If you are interested in learning more about the Department ofInformation Resources, you can go to their website athttp://www.dir.texas.gov.
Some of the other agencies we will review in the upcomingweeks include the State Pension Review Board, Texas FacilitiesCommission and a number of other agencies currently goingthrough the sunset process.
If you would like to learn more on your own about the SunsetAdvisory Commission or other agencies undergoing the sunsetreview process, you can go to www.sunset.state.tx.us .
If you have any questions regarding the Department ofInformation Resources or the sunset review process, please don'thesitate to contact either my Capitol or District office. My officesare available at any time to assist with questions, concerns orcomments (Capitol Office, 512-463-0672; District Office, 361-949-4603). - State Representative ToddHunter, District 32
Volume: 25 No.: 9080 PUBLISHERS - K D & S B GUTIERREZ September 5, 201 2
Disaster Distress Helpline Offers 24/7 Counseling toHoustonians Affected by Hurricanes & Storms
Hurricane season is upon us, with many Houstonians bracing for the possibility of stormsbringing significant property damage, power outages, widespread flooding, injuries, and evendeaths to the Gulf Coast.
While most Bayou City residents understand hurricane season preparation activities suchas stockpiling water, buying non-perishable foods and gassing up their vehiclesfew areprepared for the emotional toll that natural and man-made disasters can take.
Also, many residents who weathered Hurricanes Ike or Ritaand the sizable population ofKatrina evacuees now living in Houstonmay find themselves still struggling emotionally asthey prepare for yet another potential crisis. Coping with the financial impact that can comefrom rebuilding a home or losing a job are just two of the potential reasons residents may needsupport.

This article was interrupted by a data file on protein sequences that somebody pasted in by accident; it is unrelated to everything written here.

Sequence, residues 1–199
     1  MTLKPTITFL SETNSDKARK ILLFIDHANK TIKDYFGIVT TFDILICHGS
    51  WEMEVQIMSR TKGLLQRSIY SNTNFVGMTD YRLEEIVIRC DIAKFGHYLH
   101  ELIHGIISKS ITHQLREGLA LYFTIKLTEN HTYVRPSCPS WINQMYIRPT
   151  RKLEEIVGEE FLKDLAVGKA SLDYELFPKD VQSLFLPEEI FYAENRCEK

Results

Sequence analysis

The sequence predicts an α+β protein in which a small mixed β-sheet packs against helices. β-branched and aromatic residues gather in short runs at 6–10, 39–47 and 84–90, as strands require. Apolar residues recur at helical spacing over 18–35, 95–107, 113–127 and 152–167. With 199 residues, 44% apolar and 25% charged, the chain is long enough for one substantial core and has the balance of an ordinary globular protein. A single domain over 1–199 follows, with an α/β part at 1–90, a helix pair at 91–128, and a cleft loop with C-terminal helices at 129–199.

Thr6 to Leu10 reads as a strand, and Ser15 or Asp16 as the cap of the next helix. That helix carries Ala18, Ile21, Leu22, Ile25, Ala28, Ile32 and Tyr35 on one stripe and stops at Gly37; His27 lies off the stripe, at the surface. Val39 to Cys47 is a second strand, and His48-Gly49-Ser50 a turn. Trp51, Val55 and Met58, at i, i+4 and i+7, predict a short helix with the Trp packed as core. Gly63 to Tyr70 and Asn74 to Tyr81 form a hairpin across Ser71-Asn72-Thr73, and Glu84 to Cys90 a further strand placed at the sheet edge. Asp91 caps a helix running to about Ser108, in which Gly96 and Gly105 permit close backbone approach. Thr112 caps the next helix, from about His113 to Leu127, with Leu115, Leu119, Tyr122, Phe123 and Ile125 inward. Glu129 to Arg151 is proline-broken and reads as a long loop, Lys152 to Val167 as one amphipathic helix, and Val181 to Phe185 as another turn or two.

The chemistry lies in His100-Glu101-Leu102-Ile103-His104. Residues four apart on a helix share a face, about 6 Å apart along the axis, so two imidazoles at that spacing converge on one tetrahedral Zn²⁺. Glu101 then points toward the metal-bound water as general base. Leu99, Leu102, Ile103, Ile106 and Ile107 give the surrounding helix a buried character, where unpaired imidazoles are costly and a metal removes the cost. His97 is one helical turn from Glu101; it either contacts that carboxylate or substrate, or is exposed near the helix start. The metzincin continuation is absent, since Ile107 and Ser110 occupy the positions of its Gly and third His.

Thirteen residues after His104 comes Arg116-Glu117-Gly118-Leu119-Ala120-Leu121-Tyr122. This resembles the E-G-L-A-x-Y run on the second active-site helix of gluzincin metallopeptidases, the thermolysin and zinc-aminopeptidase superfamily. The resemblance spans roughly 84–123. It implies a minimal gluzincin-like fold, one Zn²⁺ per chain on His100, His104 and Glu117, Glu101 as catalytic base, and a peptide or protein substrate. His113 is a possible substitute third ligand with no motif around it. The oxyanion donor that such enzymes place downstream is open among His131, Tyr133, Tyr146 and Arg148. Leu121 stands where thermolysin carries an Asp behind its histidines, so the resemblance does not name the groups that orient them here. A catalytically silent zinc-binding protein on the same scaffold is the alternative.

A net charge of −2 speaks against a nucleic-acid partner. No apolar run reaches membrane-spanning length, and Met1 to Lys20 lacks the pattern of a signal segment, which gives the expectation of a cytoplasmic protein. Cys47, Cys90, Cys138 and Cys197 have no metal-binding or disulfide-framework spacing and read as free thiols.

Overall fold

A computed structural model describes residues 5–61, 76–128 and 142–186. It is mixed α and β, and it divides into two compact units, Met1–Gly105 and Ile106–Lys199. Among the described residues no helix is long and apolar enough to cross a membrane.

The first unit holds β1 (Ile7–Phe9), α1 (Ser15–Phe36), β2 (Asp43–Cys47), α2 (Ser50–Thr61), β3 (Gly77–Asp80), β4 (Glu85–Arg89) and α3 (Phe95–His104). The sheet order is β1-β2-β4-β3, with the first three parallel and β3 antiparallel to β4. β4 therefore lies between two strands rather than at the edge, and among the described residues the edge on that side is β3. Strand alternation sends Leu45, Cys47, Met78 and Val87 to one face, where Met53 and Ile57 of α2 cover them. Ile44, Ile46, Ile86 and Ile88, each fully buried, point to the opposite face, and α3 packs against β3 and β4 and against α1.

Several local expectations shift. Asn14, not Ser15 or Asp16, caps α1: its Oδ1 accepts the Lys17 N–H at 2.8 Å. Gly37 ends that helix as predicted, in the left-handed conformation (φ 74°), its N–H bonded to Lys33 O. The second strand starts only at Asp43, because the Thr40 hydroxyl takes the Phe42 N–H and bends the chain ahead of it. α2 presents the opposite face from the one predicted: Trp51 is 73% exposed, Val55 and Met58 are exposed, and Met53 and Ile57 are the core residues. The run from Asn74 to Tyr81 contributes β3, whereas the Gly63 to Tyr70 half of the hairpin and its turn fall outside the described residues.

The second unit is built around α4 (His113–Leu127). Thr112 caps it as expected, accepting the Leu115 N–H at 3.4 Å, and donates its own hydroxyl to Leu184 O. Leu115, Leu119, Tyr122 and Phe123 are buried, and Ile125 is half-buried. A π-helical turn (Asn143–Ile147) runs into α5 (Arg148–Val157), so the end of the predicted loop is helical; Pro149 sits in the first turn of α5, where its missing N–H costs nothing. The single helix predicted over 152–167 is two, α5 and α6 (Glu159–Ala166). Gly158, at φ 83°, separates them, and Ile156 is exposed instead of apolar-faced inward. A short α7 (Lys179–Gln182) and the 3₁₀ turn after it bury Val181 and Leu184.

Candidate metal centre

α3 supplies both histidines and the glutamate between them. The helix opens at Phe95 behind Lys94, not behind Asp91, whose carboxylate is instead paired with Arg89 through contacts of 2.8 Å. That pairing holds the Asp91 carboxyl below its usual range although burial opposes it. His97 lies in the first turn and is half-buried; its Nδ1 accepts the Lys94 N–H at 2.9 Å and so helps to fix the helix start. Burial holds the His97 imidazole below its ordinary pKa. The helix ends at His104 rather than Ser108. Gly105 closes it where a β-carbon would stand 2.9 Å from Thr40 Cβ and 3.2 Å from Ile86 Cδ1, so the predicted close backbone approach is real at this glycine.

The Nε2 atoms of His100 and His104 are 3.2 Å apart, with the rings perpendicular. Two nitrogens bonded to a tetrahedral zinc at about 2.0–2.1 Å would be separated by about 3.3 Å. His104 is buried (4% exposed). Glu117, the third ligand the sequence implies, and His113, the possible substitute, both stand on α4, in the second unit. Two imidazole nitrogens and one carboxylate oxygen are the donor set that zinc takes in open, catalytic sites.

For these reasons, Crisis Intervention of Houston, Inc., is one of four crisis centers nationwideselected to make people aware of the services provided by the Disaster Distress Helpline(Helpline), a 24/7 multi-lingual service for individuals experiencing emotional distress before,during, and after natural and human-caused disasters.
Our area is prone to hurricanes and tropical storms for six months of the year. Theunpredictability of these storms is enough to cause anyone stress, anxiety, and depression,particularly if theyve been through other natural disasters like Ike or Rita, said Shari Koziol,Executive Director of Crisis Intervention of Houston, which answers local Helpline calls. Itsimportant for individuals or families affected by disasters to know that they are not alone. Withjust a call or text, the Disaster Distress Helpline can help you feel better and move forward onthe path to recovery.
Heres how it works: Houston area residents suffering from disaster-related emotional distresssimply call 1-800-985-5990 or text TalkWithUs to 66746. Spanish speakers may textHablanos to 66746. They are automatically connected to trained professionals from CrisisIntervention of Houston for free and private counseling and support, including information oncommon stress reactions and healthy coping. These staff members also can provide referralsto local disaster-related resources for follow-up care.